An increased focus on innovation as a consistent discipline requires significant reflection on what needs changing, what impact this change will have and how do we proceed to implement it. This requires senior management attention because of the significant organisational impact.

The leadership within an organisation provide the linkage into the strategy, provide the framework and set this in the context of the vision and goals needed to be achieved. You, as the innovator, seek out the synergies between strategy and innovation, between innovation and capabilities, between culture, the environment, the process, structure and routines and how it all should be governed.

The compelling value is in having an integrated innovation framework

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I keep arguing we all need to seek out innovation alignment

Innovation needsAll too often strategy is not influencing the behaviours and outcomes around innovation, it is simply allowing them to be left to chance.

Innovation is being ‘pushed down’ the organisation for others to interpret and offer their answers. They execute to their own understanding and often the innovations end up as not strategically aligned.

That is plainly wrong, not knowing the strategic objectives it is one of the principle causes of innovation failure and requires fixing.

This poor strategic understanding creates a lack of alignment and directing innovation. If an organisation lacks top leadership engagement it becomes, for many, the reason why they seem to just simply ‘limp’ along in their innovation activity, delivering ‘simply’ incremental outcomes. The more radical innovations can never emerge if these do not have the close alignment to the Corporate vision or objectives and leadership engagement..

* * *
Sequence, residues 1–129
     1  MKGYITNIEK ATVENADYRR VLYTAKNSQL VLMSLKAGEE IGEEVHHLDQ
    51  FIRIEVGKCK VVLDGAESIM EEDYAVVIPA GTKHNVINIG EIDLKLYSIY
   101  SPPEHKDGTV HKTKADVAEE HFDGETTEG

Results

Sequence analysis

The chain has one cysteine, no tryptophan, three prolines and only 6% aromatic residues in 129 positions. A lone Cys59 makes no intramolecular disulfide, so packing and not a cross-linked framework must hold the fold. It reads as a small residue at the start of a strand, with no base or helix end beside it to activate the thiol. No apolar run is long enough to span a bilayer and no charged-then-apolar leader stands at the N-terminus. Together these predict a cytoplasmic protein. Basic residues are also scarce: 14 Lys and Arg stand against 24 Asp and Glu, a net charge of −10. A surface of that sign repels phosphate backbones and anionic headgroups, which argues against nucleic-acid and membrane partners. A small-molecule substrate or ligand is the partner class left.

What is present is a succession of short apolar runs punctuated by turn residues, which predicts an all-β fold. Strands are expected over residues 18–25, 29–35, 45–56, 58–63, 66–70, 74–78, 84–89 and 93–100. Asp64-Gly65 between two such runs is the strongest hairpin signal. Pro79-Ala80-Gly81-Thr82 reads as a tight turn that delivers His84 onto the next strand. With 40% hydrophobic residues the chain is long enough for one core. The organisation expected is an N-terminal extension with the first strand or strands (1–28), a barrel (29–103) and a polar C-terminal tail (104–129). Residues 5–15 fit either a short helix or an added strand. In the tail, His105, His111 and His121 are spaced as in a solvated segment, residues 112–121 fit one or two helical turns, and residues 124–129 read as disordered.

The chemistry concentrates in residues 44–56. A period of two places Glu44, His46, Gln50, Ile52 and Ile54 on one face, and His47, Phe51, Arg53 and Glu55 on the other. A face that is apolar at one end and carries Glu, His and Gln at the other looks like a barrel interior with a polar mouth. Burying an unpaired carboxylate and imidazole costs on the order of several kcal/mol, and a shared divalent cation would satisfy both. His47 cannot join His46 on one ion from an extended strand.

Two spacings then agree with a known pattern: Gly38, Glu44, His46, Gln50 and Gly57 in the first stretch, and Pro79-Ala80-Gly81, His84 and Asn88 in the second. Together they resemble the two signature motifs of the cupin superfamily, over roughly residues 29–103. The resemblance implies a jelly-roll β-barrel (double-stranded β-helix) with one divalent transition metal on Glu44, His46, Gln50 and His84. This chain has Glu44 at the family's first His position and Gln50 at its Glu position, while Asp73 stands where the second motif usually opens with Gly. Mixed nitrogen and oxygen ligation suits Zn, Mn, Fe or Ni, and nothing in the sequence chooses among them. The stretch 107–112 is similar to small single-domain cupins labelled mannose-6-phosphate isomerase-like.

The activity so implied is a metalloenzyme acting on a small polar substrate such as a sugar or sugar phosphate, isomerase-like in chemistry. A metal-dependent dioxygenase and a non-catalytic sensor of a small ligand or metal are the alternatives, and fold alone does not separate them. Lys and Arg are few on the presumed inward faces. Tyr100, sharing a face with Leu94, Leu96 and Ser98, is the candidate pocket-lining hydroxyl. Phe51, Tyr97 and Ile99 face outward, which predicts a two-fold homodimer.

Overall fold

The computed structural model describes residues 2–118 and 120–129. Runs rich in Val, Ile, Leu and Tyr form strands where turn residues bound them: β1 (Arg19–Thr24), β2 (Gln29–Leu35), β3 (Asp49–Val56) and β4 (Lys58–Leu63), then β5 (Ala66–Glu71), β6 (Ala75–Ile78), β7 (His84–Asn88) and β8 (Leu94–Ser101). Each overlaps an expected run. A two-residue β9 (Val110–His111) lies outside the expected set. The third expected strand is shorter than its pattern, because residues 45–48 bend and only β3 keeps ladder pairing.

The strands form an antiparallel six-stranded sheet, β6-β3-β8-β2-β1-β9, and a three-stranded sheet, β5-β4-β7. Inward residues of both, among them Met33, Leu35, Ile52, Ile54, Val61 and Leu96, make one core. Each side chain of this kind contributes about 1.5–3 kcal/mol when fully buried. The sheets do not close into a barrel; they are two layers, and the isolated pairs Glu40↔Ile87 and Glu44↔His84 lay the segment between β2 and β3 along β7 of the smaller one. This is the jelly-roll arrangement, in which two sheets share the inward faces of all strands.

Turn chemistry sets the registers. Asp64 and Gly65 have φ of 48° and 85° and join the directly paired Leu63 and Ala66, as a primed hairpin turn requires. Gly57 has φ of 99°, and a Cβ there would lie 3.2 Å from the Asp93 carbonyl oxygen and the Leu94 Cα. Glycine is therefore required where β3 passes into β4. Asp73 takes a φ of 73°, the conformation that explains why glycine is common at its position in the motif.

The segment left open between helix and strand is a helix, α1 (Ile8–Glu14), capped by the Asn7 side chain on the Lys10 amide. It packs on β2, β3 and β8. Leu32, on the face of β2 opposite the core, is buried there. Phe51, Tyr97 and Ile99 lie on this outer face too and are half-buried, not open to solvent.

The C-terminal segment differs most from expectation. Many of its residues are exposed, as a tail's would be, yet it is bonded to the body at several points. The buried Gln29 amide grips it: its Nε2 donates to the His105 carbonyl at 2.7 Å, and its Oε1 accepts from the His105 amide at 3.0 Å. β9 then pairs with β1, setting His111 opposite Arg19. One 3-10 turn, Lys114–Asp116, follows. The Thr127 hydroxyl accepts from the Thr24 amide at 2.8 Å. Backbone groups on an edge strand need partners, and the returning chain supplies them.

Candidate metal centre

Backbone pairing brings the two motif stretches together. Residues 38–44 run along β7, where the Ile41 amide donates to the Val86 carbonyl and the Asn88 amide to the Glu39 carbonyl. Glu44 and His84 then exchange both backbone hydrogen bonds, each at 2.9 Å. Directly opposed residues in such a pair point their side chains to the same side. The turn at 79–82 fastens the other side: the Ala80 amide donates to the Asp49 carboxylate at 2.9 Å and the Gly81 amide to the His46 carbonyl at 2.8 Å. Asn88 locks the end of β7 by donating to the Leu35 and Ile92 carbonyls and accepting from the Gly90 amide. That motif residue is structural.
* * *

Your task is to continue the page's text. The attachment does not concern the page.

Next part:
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Constructing Innovation as Value Management

Innovation and ValueInnovation needs to create value, both short-term and progressively over time. It fuels the growth and fires the imagination.

Yet our innovation activities are constantly coming up short for the leaders within our organizations, who continue to remain disappointed in its final outcome to stimulate and drive the growth they want to see.

It is actually the classic “chicken and egg”. Aristotle (384–322 BC) was puzzled by the idea that there could be a first bird or egg and concluded that both the bird and egg must have always existed. Leaders need to lead and are they the chicken, they are the resource for how can the people charged with innovation can lay the ‘golden eggs’ needed, if they are incapable of laying? Or should the innovation egg come first for our leaders to become more confident and build further, believing in innovation far more?

There should be no dilemma we can’t treat innovation lightly anymore, it needs to develop its uniqueness for each of our organizations to evolve. We need both the egg and the chicken to be ‘producing’.

What I’m driving towards here is that innovation is evolving is my 1st point